Oh, there’s one other catch: You’ll need to download this coupon and bring it with you when you roll into one of their stores for the offer.
But wait there’s more…
Turns out Montrealers aren’t the only ones who get to bask in the iPhone Playoff celebration. The same offer is being made in British Columbia. Grab the coupon and head in to any BestBuy or BestBuy Mobile location anywhere in B.C. This offer is good for (you guessed it) any day that the Canucks are playing a playoff game.
Though it may not always be apparent from my occasionally incoherent ravings on this blog, I am an English major.
And like many English majors, I tend to be a bit of (a) stickler when it comes to the evolution of our language. I wrinkle my nose at terms like “mixtape”, “staycation” and “frenemy.” I resent it when people use words that have had long-held meanings in a new context e.g. “voluptuous” now means “overweight” in certain circles.
And for a very long time I insisted that it was “e-mail”, not “email.” We even debated the word here in the office with most of the twenty-somethings doing a very poor job of hiding their amusement that
us we old-timers could cling so firmly to our precious hyphen.
For years however, I had the power of the press behind me. Every traditional publication at least, was consistently using “e-mail” so I certainly wasn’t going to abandon it.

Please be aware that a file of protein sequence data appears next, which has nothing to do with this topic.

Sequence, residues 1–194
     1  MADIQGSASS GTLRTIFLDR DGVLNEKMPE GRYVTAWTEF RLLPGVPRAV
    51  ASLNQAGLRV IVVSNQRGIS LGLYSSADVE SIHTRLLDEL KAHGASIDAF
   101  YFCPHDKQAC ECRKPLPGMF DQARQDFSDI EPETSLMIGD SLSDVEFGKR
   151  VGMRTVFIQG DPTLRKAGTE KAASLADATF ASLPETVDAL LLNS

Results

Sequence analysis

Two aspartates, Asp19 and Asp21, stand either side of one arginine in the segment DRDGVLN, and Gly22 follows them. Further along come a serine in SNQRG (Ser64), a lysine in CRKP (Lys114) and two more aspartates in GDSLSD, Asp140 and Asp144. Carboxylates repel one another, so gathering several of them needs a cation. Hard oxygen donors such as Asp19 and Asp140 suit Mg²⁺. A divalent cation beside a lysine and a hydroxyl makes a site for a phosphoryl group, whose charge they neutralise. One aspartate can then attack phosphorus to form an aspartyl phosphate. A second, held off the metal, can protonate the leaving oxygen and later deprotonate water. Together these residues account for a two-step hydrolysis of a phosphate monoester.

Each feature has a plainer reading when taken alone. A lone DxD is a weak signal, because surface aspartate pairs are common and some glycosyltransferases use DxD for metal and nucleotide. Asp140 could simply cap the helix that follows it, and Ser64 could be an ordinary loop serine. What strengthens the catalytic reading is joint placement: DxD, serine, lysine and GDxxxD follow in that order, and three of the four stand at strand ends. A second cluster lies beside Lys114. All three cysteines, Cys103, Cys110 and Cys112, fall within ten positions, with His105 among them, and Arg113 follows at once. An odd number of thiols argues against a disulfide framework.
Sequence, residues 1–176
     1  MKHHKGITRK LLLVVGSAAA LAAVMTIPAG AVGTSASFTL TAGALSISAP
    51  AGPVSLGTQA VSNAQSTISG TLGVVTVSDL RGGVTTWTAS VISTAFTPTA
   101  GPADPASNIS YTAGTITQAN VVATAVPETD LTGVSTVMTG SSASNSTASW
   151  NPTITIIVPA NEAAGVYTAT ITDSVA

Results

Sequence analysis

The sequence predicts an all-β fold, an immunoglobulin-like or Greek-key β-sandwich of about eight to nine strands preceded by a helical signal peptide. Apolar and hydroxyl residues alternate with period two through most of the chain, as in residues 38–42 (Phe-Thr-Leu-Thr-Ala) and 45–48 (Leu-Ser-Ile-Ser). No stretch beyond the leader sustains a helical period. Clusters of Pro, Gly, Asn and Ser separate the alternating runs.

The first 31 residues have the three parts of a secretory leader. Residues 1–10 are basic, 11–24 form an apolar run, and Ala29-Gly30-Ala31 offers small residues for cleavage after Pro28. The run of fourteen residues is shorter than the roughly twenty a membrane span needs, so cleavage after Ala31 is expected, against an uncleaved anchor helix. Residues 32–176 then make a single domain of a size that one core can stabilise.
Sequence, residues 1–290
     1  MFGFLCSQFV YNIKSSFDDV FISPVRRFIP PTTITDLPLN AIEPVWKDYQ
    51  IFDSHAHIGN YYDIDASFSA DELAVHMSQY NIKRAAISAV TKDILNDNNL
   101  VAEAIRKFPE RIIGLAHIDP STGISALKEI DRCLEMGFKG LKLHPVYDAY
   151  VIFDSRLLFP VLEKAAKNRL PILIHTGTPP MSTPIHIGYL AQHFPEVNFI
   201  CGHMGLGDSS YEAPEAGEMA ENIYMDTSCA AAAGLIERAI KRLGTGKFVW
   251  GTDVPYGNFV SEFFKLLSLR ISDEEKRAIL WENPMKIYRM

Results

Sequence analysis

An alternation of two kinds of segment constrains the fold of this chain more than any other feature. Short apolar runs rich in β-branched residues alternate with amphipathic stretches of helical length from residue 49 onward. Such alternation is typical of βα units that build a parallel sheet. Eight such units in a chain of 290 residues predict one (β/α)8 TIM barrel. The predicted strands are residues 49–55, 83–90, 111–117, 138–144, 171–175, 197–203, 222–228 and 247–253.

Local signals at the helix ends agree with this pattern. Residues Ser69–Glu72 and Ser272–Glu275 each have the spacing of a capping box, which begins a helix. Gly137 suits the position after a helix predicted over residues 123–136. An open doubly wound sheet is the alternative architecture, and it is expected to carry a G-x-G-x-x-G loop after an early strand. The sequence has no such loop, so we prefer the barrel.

Today however, the hook that I had been hanging my e-mail hat on, was unexpectedly taken away in the form – of all things – a tweet.
Not just any tweet. An official tweet from the folks who run the AP Style Book twitter account, in which they said:
There we have it. Not that the Associated Press is necessarily the last word on spelling, but if they have now moved to a world of hyphen-less emails, it’s only a matter of time before it makes its way into more official records such as the Oxford English Dictionary.
So long e-mail. We had a good ride, but I think our time to part ways has come. I’ll miss you old friend. I’ll always remember with great fondness the time you entered my life and all of the promise and excitement that you brought with you. I will especially miss your hyphen. It suited you.